Saudi Prince Alwaleed bin Talal is not known for thinking, much for speaking. He is the one who received a stinging rebuke from former New York Mayor Rudy Giuliani after having presented a check worth $10 million. For Pakistan, similar callousness shown in an interview given by the prince to The Wall Street Journal in November last year has proven to be a constant source of headache. “Nawaz Sharif, specifically, is very much Saudi Arabia’s man in Pakistan,” claimed Mr Talal after having suggested that in case of Iran acquiring nuclear weapons, his country could procure nuclear warheads from Islamabad. Since then, a … Continue reading Lawrence of Saudi Arabia?
by PATRICK COCKBURN Al-Qa’ida, the second act: Why the global ‘war on terror’ went wrong In 2014 al-Qa’ida-type groups are numerous and powerful… In other words, the ‘war on terror’ has demonstrably failed It is now 12-and-a-half years since the September 11 attacks that put al-Qa’ida firmly on the map of global terrorism. The US has spent billions of dollars on its ‘war on terror’ to counter the threat and succeeded in killing Osama bin Laden three years ago. And yet al-Qa’ida-type groups are arguably stronger than ever now, especially in Syria and Iraq where they control an … Continue reading War On Terror – LOST?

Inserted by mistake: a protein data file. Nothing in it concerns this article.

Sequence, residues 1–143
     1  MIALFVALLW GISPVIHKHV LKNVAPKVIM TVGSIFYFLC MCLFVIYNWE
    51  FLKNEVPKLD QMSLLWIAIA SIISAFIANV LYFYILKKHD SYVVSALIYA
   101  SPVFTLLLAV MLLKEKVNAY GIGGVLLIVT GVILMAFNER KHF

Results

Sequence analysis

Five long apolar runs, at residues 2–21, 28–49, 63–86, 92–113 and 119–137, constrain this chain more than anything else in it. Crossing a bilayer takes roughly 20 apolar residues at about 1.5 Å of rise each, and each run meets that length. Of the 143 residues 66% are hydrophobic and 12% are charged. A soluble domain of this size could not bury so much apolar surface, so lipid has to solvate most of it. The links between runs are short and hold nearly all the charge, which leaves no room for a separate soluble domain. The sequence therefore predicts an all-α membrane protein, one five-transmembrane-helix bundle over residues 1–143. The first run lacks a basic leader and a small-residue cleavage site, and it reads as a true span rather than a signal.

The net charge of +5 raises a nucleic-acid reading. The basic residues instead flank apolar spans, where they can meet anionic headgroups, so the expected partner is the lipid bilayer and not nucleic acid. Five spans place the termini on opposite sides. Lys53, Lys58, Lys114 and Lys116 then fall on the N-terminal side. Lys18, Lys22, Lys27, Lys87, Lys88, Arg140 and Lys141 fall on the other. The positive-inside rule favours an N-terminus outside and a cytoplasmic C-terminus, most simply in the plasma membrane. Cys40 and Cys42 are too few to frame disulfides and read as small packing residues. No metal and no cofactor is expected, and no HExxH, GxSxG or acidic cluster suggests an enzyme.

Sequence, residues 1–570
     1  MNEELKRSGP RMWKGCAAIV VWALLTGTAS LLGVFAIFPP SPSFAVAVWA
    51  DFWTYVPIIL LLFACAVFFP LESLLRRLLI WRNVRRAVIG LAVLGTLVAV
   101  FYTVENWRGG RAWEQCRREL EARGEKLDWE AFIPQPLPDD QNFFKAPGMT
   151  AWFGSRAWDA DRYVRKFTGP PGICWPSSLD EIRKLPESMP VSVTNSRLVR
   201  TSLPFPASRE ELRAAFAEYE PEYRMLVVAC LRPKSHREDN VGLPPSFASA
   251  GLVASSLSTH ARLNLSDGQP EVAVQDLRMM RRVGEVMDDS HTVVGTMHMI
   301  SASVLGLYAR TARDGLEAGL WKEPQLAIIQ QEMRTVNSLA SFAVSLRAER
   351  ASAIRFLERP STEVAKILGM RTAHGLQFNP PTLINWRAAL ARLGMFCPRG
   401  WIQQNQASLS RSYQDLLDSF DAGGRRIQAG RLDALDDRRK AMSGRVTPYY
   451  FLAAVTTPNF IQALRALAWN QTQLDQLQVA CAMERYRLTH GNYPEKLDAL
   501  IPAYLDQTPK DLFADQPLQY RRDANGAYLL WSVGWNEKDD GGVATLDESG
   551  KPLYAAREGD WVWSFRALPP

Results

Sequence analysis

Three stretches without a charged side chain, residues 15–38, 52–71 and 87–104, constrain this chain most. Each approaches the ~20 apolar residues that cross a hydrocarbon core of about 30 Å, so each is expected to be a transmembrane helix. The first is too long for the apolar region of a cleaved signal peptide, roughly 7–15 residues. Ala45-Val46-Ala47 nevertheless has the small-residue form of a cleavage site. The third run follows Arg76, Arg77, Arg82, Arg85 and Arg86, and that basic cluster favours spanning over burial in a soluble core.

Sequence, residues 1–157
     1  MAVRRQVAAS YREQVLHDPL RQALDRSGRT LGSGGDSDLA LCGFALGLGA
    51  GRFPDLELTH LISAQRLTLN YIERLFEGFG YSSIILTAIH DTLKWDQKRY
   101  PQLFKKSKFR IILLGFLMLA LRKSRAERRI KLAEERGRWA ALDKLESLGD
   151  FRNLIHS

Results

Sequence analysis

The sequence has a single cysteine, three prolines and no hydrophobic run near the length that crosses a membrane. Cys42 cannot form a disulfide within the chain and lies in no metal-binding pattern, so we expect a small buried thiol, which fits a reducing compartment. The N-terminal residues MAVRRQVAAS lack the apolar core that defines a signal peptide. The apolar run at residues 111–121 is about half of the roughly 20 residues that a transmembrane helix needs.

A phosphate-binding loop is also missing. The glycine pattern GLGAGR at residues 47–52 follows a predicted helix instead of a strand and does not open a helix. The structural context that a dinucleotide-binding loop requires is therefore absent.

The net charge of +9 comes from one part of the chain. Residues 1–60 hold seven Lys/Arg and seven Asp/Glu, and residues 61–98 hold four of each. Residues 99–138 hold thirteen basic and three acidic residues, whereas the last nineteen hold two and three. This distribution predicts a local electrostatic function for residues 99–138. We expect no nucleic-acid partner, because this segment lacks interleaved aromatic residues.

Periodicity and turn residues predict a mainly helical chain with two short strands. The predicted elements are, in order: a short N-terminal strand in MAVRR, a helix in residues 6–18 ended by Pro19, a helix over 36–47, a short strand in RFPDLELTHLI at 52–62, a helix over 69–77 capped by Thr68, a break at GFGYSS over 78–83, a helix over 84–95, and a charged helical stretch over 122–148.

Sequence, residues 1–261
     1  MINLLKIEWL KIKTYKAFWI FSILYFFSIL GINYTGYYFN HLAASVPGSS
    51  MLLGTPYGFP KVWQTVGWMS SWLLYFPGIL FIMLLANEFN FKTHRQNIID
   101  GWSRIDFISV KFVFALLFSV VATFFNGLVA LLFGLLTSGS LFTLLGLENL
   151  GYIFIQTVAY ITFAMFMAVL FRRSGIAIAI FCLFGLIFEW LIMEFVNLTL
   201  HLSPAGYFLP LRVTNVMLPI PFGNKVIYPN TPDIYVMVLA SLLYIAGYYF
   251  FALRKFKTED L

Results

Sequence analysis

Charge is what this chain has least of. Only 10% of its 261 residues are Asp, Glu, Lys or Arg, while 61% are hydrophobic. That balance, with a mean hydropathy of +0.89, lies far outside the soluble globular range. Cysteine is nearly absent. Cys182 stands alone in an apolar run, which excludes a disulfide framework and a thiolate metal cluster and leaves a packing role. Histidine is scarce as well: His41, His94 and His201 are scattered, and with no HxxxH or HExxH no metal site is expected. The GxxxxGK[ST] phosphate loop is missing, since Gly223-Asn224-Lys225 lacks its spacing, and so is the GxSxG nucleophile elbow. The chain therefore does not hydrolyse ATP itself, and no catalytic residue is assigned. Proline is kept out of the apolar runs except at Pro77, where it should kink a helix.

Saudi Arabia’s decision to brand the Muslim Brotherhood a terrorist organisation should surprise none, the conservative kingdom’s paranoia about is not just movements that stand for freedom, human rights and democracy, but also Muslim groups or movements that believe in democracy. The Brotherhood has its own agenda yes, and its charter may have aims that sound anachronistic, but the party founded by Hassan al-Banna has been relying on the electoral process to achieve power. The Saudis welcomed the army coup that ousted the Brotherhood’s elected government headed by Morsi. Saudi Arabia is not the only one: recent days have seen … Continue reading Saudi Arabia bans the Muslim Brotherhood – who next?
On February 6, five border guards in Iran’s southeastern province of Sistan and Baluchistan were abducted by the terrorist group Jaish al-Adl (the Army of Justice). This seemingly new group is most likely a renamed and repackaged version of the Jund ul-Allah (The Army of God) terror group, operating from Pakistani territory. Before tensions over the abduction of the border guards subsided, the Iranian Consulate in Peshawar in Pakistan’s northwest province of Khyber Pakhtunkhwa was attacked by a suicide bomber. Terrorist activities against Iran, conducted by groups operating from Pakistan and to some extent Afghanistan, are nothing new. In 2009, … Continue reading Pakistan strains Iran’s patience
Muhammad Aayan Ali writes: Our Holy Prophet (PBUH) was the person who would pardon the most treacherous deeds of a person if he had sought forgiveness with a pure heart Hamza Kashgari, a young Saudi columnist, was arrested by the authorities of Saudi Arabia for his imaginary conversation with our Prophet Mohammad (PBUH). By his appearance, he looks like a decent person who would think before he spoke, but only he knows what went through his mind as he did not hesitate to post his comments on Twitter, which got him thousands of death threats within hours. The young boy … Continue reading What about Hamza Kashgari?